Based on Freddie Mac's latest Primary Mortgage Market Survey (PMMS), average fixed mortgage rates largely unchanged and near their record lows helping to keep housing affordability high for those borrowers who are in the market. The 30-year fixed dipped to 3.99 percent, and at 3.27 percent, the 15-year fixed averaged just slightly above its all-time low of 3.26 percent on October 6, 2011.
The 30-year fixed-rate mortgage (FRM) averaged 3.99 percent with an average 0.7 point for the week ending December 8, 2011, down from last week when it averaged 4.00 percent. Last year at this time, the 30-year FRM averaged 4.61 percent.
15-year FRM this week averaged 3.27 percent with an average 0.8 point, down from last week when it averaged 3.30 percent. A year ago at this time, the 15-year FRM averaged 3.96 percent.
The 5-year Treasury-indexed hybrid adjustable-rate mortgage (ARM) averaged 2.93 percent this week, with an average 0.5 point, up from last week when it averaged 2.90 percent. A year ago, the 5-year ARM averaged 3.60 percent.
1-year Treasury-indexed ARM averaged 2.80 percent this week with an average 0.6 point, up from last week when it averaged 2.78 percent. At this time last year, the 1-year ARM averaged 3.27 percent.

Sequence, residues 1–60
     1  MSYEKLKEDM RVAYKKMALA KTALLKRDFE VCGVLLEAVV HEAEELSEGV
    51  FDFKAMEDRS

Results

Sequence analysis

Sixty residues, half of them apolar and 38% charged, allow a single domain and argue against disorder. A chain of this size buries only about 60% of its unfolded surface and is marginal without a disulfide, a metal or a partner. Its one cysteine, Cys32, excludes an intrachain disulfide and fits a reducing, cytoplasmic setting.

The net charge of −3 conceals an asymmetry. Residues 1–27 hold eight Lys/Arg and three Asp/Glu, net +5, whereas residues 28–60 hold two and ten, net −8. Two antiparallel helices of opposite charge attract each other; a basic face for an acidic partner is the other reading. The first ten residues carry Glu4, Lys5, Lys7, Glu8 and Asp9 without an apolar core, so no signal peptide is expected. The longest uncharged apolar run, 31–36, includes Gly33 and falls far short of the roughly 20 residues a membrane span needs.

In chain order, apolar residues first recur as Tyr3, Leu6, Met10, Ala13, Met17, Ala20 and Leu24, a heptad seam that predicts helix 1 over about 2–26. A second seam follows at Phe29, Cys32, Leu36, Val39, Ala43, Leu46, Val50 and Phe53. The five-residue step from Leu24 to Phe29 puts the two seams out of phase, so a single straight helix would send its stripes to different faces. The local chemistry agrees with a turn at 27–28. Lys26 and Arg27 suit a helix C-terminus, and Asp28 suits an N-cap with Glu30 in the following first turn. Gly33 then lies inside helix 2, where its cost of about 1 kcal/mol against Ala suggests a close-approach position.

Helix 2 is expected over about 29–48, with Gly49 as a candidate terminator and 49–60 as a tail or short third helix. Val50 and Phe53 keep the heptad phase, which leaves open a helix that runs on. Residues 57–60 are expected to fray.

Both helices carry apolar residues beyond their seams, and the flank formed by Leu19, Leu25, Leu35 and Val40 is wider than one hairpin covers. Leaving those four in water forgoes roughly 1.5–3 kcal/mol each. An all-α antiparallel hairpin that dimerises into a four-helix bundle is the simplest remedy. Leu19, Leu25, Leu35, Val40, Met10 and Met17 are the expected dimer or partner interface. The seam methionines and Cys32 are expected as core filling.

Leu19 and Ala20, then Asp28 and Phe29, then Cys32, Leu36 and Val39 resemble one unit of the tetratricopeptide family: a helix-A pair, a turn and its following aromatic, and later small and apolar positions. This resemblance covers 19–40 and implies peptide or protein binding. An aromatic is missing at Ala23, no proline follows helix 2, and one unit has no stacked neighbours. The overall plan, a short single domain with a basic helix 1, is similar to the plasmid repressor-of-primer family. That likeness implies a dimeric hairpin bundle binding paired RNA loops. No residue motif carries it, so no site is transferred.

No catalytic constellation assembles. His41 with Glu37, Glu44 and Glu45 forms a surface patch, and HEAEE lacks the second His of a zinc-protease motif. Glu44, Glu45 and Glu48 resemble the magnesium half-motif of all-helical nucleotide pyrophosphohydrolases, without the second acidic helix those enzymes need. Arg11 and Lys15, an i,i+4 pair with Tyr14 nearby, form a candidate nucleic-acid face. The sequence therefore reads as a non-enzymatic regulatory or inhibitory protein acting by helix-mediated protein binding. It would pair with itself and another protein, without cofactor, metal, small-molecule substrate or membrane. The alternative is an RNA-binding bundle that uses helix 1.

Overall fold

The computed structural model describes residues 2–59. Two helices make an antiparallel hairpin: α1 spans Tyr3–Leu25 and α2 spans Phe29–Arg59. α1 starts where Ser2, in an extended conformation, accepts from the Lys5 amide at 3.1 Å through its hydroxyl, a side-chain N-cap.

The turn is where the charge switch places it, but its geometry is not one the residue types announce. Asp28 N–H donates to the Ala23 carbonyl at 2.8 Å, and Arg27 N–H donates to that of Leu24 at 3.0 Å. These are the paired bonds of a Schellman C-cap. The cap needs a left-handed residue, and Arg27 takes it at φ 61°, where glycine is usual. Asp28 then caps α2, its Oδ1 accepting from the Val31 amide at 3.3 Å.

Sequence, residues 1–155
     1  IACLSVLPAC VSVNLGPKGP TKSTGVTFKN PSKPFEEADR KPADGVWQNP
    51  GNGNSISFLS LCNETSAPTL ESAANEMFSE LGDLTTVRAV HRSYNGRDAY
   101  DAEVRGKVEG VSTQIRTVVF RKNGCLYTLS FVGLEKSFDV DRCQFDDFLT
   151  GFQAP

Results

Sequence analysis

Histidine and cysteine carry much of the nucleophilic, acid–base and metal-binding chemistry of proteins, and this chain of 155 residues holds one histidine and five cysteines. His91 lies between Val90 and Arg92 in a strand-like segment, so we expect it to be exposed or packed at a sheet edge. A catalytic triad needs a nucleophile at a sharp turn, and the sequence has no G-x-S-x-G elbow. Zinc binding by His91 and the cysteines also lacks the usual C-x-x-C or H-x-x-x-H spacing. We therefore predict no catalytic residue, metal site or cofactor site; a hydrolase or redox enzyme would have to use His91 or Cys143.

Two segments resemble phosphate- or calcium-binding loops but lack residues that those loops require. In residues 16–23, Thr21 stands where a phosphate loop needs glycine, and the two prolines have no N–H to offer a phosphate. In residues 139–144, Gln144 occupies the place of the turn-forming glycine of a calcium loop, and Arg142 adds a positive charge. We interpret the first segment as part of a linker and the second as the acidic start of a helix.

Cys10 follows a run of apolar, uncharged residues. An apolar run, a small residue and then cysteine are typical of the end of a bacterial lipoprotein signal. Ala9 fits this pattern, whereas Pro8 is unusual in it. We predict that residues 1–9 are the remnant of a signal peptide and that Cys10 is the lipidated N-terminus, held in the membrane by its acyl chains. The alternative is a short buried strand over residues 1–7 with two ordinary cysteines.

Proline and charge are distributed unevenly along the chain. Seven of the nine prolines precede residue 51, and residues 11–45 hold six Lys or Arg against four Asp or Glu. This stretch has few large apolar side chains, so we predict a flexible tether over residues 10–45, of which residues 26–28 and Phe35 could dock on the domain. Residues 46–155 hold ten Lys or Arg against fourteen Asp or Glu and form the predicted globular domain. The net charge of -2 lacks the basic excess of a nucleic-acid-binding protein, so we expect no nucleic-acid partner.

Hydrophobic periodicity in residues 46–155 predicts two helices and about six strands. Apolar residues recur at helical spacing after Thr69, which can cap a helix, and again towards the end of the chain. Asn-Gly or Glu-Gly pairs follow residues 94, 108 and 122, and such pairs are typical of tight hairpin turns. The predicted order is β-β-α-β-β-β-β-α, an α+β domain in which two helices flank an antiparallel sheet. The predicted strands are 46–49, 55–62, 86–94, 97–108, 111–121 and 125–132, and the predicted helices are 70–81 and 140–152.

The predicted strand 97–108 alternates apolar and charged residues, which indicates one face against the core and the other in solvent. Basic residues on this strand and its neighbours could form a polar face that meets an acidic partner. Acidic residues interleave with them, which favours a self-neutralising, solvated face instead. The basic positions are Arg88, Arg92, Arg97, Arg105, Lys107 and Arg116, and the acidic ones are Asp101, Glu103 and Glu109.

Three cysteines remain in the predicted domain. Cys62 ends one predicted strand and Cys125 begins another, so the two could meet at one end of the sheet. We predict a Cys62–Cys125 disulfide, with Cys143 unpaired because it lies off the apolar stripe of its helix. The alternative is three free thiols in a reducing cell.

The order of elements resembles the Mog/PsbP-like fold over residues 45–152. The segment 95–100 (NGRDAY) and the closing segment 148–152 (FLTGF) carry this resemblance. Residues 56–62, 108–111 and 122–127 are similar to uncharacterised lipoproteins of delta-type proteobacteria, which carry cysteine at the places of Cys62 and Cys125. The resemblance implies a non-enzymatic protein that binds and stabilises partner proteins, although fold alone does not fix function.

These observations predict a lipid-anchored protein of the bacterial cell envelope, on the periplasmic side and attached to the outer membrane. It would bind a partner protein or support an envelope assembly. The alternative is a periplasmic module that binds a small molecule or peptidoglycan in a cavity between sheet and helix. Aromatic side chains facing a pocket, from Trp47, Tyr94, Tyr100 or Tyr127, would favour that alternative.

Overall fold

Freddie Mac's chief economist Frank Nothaft, "Thirty-year fixed-rate loans have declined 0.62 percentage points from a year ago, and median sales prices on existing homes are off 4.7 percent in the year ending with October. These low rates and home prices have pushed housing affordability to record highs this year. For instance, the National Housing Affordability Index, which dates back to 1971, reached another all-time record high in October for the sixth time in 2011, according to the National Association of Realtors. Monthly principal and mortgage interest payments accounted for a mere 12.6 percent of median family incomes that month. This level of affordability likely contributed to the rise in conventional mortgage applications for home purchases over the week of December 2nd to the most in nearly a year."